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Archive for the ‘Berlin’ Category

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Published: 5 December 2016
Reviewed: 26 January 2017

4 out of 5 stars

Copy provided by Oldcastle Books

Description:

I don’t really want to say too much about the plot, it’s very clever constructed so to give away any of the subtle nuances would spoil it for other readers.

What I really liked about this one was the way in which Luke McCallin took details of Berlin’s history and wove them tightly with a thrilling plot where spy networks and undercover agents appeared.  Being able to transport the reader to the rundown scenes in Berlin at that time is incredibly powerful, the war damaged buildings loom on every street, the distrust towards ‘informers’ and occupying nationals is evident through the writing and offers the reader a glimpse into a world they may not have experienced.

Reinhardt is a very well constructed character, a very richly detailed character that McCallin has taken great time and care over.  The back story for Reinhardt is interesting and makes him easier to connect with, his guilt and fear are palpable.  His constant struggle with trying to do the right thing makes for engrossing reading.

I was surprised to find out this was actually the third book to feature this character and will definitely be going back to read the previous two books.  I felt there was a ‘Bernie Gunther’ sort of ethos to this, which personally was a good thing as I really like Philip Kerr’s books.  This can definitely be read as a stand alone, there is more than enough detail given about Reinhardt to form opinions of the character and his personality etc.

Overall an enjoyable read, a slow burner that has just the right amount of thriller, intrigue and menace.

My thanks to Oldcastle Books and No Exit Press for the opportunity to read and review this book.

You can buy a copy of “The Ashes of Berlin” here.

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A Slow Death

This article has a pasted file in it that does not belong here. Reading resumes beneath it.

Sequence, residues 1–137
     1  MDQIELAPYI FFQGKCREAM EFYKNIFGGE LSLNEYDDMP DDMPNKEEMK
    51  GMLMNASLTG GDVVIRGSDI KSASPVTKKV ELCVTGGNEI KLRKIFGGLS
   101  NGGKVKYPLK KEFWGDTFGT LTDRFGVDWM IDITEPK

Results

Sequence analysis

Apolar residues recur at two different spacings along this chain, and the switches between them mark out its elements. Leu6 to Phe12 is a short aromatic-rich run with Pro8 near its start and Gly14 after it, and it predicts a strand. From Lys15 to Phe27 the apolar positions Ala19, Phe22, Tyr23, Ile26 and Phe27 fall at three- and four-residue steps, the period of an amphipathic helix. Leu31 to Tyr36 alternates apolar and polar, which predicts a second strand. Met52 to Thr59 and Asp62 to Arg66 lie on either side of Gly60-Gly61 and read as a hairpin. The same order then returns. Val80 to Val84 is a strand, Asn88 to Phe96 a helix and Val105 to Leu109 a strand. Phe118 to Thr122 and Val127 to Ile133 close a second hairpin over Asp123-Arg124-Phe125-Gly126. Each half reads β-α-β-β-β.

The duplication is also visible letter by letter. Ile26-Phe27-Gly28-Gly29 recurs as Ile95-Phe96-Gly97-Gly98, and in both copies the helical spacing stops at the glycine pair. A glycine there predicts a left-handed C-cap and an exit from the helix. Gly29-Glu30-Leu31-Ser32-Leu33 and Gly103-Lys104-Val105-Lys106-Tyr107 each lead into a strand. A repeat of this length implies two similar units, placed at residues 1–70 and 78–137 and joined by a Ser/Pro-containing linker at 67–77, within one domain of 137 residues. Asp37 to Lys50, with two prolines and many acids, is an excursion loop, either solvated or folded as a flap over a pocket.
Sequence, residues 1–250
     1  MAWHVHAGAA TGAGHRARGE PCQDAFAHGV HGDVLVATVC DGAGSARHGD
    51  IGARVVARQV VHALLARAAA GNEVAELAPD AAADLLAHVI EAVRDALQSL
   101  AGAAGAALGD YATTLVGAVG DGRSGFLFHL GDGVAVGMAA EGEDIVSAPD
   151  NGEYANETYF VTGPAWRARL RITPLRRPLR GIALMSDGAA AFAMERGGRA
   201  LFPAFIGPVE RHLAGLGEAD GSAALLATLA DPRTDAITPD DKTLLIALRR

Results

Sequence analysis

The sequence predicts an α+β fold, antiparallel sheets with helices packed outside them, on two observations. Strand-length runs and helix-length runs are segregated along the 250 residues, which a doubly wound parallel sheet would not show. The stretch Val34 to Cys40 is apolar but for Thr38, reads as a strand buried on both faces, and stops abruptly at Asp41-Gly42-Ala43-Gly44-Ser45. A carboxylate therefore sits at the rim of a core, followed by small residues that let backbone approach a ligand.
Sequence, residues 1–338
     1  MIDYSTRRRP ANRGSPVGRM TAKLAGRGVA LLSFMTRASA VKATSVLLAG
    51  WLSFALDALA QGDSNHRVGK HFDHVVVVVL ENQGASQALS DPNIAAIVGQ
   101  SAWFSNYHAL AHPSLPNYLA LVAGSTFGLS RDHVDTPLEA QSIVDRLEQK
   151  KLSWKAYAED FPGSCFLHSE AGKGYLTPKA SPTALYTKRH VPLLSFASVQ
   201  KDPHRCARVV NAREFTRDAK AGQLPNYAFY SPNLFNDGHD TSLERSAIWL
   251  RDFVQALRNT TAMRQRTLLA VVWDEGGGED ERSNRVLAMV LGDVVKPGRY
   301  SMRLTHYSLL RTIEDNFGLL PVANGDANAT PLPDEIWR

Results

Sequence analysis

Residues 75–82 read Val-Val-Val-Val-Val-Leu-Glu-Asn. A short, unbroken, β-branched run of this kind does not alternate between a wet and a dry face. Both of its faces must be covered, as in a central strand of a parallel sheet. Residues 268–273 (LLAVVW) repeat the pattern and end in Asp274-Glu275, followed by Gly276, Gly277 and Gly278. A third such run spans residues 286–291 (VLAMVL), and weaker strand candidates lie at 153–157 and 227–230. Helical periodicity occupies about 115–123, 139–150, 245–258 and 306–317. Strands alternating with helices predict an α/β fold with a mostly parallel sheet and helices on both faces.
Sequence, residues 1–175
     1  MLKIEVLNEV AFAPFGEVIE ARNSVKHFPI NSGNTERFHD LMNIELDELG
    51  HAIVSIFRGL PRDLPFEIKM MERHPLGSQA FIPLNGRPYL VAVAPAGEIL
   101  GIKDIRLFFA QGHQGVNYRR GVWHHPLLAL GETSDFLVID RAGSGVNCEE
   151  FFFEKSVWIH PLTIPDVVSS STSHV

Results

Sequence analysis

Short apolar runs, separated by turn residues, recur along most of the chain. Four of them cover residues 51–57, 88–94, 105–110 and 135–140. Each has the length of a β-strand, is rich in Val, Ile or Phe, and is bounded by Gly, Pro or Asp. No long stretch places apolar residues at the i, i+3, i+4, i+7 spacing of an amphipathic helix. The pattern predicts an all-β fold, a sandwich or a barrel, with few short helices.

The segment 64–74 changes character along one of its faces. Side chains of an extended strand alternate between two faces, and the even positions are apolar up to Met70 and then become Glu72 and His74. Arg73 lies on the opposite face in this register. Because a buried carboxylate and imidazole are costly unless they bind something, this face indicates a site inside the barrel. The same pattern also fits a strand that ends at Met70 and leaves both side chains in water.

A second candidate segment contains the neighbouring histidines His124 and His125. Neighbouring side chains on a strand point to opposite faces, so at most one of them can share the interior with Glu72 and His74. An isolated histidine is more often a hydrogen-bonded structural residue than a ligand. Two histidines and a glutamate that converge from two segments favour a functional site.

Author : James Craig
Published: 10 September 2015
Reviewed: 16 September 2015

What Milo Saw by Virginia Macgregor

Read more at: http://www.london24.com/entertainment/book_review_what_milo_saw_by_virginia_macgregor_1_3750981
Copyright © LONDON24

Copy purchased via Amazon.

 

  4 (& 1/2) out of 5 stars

 

 

Berlin 1990.

“I just love the smell of tear gas in the evening…”

The Wall has fallen and Berlin is a magnet for criminals and protestors from all over Germany and the rest of Europe.

When a seemingly ordinary family are slaughtered in their home, Kriminalinspektor Max Drescher finds himself up against a ruthless Mafia clan trying to establish its operations in the newly reunited city.

Max has problems of his own but knowing this could be his last case, the veteran detective will stop at nothing to get a result.
 

Berlin, post Wall is a seedy, grubby, dark and dangerous place for everyone, especially for those instilling law and order into an archaic society.
Kriminalinspektor Max Drescher, far from a German version of Poirot is more like a German Rebus, he drinks, he smokes and he doesn’t strictly play by the rules, but the results are there for anyone to see.  Max has his own demons and problems, but that doesn’t stop him trying to solve what will end up being his final case as a Kriminalinspektor.  The mentions of Max’s past and the memories he draws up are very well written, hinting at more but giving nothing away, but you read on hoping more is given away about him.

Keen not to spoil the book for other readers, I will say there are twists and turns in this novel that will keep you glued to it.

The characters are well written in this novel, physical descriptions are very good, as are the personalities given to each, you can imagine the stubborn streak in some characters, but there are times when the reader can sympathise with the plight of a character or relate to them.

I really liked the use of German in the book, it wakened the dormant German language in my brain and soon I was translating the German in my head and excitedly checking that it was right when it appeared in English in the next sentence.  The use of the language added that little “something extra” to me and seemed to authenticate that it was set in Germany.

A small note about the publisher too, the quirky marketing tactics used to drum up interest in this book were definitely different from other publishers out there, and I have to admit that it piqued my interest seeing the good humoured back and forth between the writer and the publisher as it made for good entertainment as well as making the novel stand out to me, so much so that I pre-ordered it and waited (not so) patiently for publication and download onto my Kindle!  I think that James Craig is definitely an author to watch for the next in the series of Max Drescher, but also Fahrenheit Press to see what crime novels they come out with next!

I would recommend this book to anyone that enjoys Fiction, Mystery, Crime and Thrillers.

A copy can be purchased here A Slow Death (UK Kindle Version)

*** Edit***
Updated link for book purchase 
 

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